Taiwan, Singapore, Malaysia
See Christmas in Singapore, the KLCC, and the historical town of Melaka.
Hangzhou & Shanghai
China easily matches Western wonders with Wu Zhen, the Venice of the East, and the leaning tower of Tiger Hill.
The biggest treasures of China can be found here, including the Great Wall, and the Forbidden City.
For the holidays this year I took a trip around Asia, visiting more than 10 cities in Taiwan, Singapore, Malaysia, and China which turned out to be a fantastic trip, by all means more exciting that farting around a Christmas tree at home.
I found Taiwan to be a very frugal environment, where life moved rapidly using a no-frills approach. Almost wholly devoid of the fluff that we often find in the western world, the Taiwanese people act with a goal in mind and are constantly looking for new opportunities and endeavors to tackle. Even the daily news is a visceral experience, using an extremely candid method of portraying the gritty essence of human nature, showing close-ups of crying convicts and deadbeat husbands with as much frequency as the next rising pop star.
The rumors about Singapore are all true: there exist rules and regulations that cover every aspect of your daily life. However suffocating all these rules may sound though, the end result is a city that really has its act together. The highways and sidewalks are spotless. Signs along the highway predict--with amazing accuracy--the time required to reach your destination. And the shopping is like none other. While America can pride itself in being the number one capitalist state in the world, Singaporians have perfected the art of shopping with multiple city blocks of shopping centers all interconnected through underground tunnels. You could wander through the endless array of tunnels, escalators, and elevators in the malls and not see daylight for days.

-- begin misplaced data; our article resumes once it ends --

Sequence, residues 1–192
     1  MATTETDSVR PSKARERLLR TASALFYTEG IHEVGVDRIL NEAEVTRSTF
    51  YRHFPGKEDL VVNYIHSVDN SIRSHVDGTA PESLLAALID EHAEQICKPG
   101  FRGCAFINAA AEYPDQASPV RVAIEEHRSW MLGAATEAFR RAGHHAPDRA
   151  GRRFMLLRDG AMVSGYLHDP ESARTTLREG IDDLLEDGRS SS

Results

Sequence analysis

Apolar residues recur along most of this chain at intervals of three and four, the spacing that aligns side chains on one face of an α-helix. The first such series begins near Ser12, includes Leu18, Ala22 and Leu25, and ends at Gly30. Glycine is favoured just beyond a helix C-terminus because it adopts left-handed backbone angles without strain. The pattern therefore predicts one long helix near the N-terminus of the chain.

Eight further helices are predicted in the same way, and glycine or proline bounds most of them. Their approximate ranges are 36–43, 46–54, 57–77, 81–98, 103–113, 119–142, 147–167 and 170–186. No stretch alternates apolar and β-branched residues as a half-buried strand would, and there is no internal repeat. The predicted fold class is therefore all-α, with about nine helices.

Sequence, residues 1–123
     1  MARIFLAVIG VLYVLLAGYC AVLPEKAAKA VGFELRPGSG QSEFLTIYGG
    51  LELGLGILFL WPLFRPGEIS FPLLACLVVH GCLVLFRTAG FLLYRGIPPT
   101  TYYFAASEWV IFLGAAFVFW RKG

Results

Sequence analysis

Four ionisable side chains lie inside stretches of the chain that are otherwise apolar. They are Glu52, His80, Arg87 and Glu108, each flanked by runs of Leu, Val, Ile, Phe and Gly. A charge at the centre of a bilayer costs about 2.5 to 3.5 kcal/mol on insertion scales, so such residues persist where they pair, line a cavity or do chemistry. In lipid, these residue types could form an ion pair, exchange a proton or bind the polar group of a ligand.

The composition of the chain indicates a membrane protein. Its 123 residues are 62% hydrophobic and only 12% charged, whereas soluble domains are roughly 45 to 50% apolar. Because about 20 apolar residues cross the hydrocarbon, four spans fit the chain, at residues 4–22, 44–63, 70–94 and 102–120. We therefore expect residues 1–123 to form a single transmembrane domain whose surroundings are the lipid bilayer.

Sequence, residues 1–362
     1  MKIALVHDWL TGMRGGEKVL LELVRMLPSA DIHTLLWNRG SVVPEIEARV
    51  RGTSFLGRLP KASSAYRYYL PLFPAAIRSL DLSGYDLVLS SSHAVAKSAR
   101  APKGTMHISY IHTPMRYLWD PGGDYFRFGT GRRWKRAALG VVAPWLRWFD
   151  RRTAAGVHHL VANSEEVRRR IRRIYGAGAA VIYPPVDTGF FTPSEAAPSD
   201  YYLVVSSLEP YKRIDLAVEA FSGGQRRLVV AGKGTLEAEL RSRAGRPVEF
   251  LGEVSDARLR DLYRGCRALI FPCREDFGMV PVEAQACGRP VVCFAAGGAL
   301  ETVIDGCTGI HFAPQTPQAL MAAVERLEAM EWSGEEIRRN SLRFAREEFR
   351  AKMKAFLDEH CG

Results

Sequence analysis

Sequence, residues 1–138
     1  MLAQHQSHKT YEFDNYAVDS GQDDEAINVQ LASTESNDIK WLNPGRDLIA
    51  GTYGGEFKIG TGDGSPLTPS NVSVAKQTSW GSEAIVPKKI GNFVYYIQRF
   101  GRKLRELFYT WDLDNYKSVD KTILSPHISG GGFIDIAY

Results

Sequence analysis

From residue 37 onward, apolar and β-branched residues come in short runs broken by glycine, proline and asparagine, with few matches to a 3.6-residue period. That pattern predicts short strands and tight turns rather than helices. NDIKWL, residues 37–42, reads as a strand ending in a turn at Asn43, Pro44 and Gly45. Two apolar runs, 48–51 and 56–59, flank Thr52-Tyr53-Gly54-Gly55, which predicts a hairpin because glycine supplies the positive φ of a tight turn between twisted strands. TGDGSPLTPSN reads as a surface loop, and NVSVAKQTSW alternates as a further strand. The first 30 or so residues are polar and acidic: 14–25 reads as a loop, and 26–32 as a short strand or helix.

Malaysia is a country filled with palm trees. Palm trees stretch the entire distance of the highway from Singapore to Kuala Lumpur, broken only by the occasional exit sign. However, once you reach Kuala Lumpur you encounter a very dichotomous city split between the rich and the poor, much like what I found in Casablanca. The twin towers (the tallest in the world) and their surrounding structures house some of the wealthiest citizens in KL, but travel a mere 10 miles out and you encounter just the opposite where walking and biking are the norm of transportation.
In the end, China turned out to be the most intriguing country with a burgeoning capitalist population trapped in a communist stronghold. While Shanghai boasts a population of 20 million and a sprawling skyline bursting with skyscrapers to support it, other cities Hangzhou and Suzhou still show the lifestyle of communist-induced poverty with hand-drawn carts and run down apartment complexes. However, after visiting places like the Forbidden Palace and the Great Wall it's easy to see why China was so fond of isolationism: no person, place, or thing in the rest of the world can match the grandeur of these historical sites. Entire canals stretching hundreds of miles were created to transport the multi-ton exotic stones used in the construction of the Forbidden City.
Hopefully these pictures give you a feeling of these places that I visited and if any of them peak your interest, I highly suggest visiting them in person.
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